Sun Belt set to play Nine-Game Football Schedule beginning in 2015

By Kevin Kelley -

Sun BeltThe Sun Belt Conference will begin playing a nine-game football schedule in 2015, according to the future schedules posted by Western Kentucky.

Back in June, Sun Belt commissioner Karl Benson stated that the conference would likely move to a nine-game schedule. “There’s a chance we could get to nine games as early as 2014 but my guess would be 2015,” Benson said.

Western Kentucky’s schedules, which were recently updated, list eight conference games in 2013 and 2014, but nine in 2015 and 2016. Listed below are their opponents for each season:


  • Home (4) – Arkansas State, Georgia State, Troy, UL Lafayette
  • Away (4) – Middle Tennessee, South Alabama, Texas State, ULM
  • Miss (1) – Florida Atlantic


  • Home (4) – Middle Tennessee, South Alabama, Texas State, ULM
  • Away (4) – Arkansas State, Florida Atlantic, Georgia State, Troy
  • Miss (1) – UL Lafayette


  • Home (4) – Arkansas State, Florida Atlantic, Georgia State, Troy
  • Away (5) – Middle Tennessee, South Alabama, Texas State, ULM, UL Lafayette


  • Home (5) – Middle Tennessee, South Alabama, Texas State, ULM, UL Lafayette
  • Away (4) – Arkansas State, Florida Atlantic, Georgia State, Troy

The Hilltoppers are slated to play Sun Belt newcomers Georgia State and Texas State each year. The two schools are joining the conference in 2013 and will replace FIU and North Texas, who are moving to Conference USA.

With nine conference games, the Sun Belt will be able to play a true round-robin football schedule. Each team will play every other team every year. The only drawback is that the schedule will be imbalanced. Teams will have five home games one season, but then only four the next year.

The Big 12, which also has ten schools, currently employs this scheduling format. The Pac-12 plays nine games, as will the ACC in 2013, but both conferences have too many teams for a true round-robin format.

A nine-game conference schedule also means one less non-conference game. And Karl Benson wants his Sun Belt schools to schedule only one single-game contract per year. Those games often pay up to $1 million each.

”We’ve talked about scheduling philosophy, scheduling strategy. Ideally we’d like to establish across the board some scheduling parameters that would limit those guarantee games to one a year,” Benson said.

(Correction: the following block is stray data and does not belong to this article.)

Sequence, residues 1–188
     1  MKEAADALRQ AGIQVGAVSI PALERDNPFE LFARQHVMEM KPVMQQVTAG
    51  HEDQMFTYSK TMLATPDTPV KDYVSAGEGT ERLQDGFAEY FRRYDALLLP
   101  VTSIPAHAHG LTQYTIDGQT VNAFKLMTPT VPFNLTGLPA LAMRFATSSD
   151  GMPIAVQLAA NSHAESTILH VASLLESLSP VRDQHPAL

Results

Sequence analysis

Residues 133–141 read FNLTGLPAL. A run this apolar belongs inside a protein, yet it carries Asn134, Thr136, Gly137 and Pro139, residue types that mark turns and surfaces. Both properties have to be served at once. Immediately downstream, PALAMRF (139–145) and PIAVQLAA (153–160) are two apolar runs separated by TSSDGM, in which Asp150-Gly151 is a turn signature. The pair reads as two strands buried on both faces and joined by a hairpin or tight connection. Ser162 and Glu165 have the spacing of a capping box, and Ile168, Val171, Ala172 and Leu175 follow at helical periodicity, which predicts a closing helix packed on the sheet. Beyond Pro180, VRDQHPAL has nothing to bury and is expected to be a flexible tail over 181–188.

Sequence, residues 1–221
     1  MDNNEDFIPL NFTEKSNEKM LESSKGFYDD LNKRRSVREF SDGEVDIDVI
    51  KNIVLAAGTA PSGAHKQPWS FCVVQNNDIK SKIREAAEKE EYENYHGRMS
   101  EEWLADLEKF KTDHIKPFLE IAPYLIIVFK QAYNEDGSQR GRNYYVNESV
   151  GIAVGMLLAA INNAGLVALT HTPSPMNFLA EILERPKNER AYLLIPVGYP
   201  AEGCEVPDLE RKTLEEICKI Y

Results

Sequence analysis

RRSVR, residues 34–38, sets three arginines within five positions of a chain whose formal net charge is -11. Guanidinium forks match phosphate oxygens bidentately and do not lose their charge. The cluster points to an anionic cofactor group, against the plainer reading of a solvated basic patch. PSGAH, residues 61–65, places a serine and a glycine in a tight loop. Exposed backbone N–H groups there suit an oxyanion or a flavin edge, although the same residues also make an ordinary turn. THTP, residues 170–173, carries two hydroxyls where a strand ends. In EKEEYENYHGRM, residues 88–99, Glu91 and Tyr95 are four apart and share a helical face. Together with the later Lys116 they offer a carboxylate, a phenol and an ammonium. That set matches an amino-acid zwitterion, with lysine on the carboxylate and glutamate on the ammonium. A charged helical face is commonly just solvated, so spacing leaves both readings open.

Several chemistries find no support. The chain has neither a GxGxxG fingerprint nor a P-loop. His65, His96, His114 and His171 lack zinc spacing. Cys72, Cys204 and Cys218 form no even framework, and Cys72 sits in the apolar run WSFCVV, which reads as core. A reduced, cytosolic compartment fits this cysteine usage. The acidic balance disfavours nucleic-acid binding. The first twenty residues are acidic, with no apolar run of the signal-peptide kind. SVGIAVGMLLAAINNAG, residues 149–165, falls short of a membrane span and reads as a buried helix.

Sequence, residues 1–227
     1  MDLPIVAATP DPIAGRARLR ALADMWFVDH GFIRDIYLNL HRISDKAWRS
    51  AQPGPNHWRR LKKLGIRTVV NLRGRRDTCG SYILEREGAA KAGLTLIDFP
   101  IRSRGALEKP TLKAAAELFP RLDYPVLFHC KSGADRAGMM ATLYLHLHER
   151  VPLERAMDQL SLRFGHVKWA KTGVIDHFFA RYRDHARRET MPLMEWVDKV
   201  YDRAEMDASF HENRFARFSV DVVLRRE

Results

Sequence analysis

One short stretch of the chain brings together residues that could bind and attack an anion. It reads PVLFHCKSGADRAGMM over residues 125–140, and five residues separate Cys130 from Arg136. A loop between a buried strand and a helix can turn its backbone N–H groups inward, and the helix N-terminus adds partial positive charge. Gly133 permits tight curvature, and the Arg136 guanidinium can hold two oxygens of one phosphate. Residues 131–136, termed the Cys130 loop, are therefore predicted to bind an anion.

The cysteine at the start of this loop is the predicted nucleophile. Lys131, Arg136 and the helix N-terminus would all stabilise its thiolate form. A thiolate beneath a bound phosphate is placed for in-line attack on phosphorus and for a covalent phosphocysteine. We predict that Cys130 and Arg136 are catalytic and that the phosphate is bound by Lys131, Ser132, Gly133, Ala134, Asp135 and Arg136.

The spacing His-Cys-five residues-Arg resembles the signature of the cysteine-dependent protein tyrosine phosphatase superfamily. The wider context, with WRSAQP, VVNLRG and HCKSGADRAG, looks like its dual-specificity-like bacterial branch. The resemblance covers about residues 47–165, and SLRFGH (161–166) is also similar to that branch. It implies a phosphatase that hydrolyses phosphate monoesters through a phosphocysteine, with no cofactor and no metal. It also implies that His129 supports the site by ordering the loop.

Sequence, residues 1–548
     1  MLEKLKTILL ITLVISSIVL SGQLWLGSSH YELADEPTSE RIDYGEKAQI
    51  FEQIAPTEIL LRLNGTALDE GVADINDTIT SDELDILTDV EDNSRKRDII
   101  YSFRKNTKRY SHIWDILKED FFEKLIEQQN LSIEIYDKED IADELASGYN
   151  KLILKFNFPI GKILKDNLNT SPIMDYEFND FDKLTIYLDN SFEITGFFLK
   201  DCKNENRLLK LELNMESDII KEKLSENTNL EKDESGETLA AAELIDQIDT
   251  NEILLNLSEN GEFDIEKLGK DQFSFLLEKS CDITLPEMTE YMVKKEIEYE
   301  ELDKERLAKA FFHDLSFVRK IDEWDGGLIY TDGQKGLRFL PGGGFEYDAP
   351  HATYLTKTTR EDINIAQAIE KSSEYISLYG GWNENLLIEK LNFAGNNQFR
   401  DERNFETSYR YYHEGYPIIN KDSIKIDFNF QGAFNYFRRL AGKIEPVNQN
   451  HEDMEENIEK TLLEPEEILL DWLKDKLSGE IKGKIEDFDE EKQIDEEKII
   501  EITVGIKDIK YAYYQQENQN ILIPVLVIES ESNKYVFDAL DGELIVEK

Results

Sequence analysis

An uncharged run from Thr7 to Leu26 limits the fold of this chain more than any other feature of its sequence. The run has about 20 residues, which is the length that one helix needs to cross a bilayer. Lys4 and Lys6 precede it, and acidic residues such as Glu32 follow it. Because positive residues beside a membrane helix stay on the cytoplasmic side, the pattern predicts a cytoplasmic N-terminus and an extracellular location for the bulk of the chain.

Western Kentucky has already adopted that stance, and others could follow. The result could be less available non-conference buy games for the SEC and other conferences.

Comments (8)

This move seems odd. It makes sense for the sake of the round-robin but it doesn’t appear to be a sound move for the long term health of the conference.

Sun Belt schools simple do not have the budget to run their athletic departments without the “paycheck” games against the SEC. A 9-game conference schedule would only allow for three OOC games and if two of those basically HAVE to be SEC “bodybag” games that leaves one free OOC game to schedule.

That free game would most likely be against an FCS team in order to try to reach bowl eligibility (plus the cheaper price tag, see budget) leaving NO games against the conferences (CUSA) that the Sun Belt is trying to prove itself against.

All this will do is secure that the Sun Belt stays at the bottom of the pecking order.

Bad move, especially now when the SBC has the chance to overtake CUSA for that “second to bottom” ranking.

Well you have to figure that if they narrow it down to 1 “paycheck” game a year they can always make it up in other sports. They could add more money games in basketball or what ever. Also if the extra game(the freed up pay check game) is done with a local C-USA school it could cover traffic (I.E. Louisiana tech playing home and home with the 2 Louisiana schools in the sun belt) FAU playing UCF,USF and FIU. They could make money since the school fans will most likely be able to travel to see the school play and it would ease travel costs for all schools.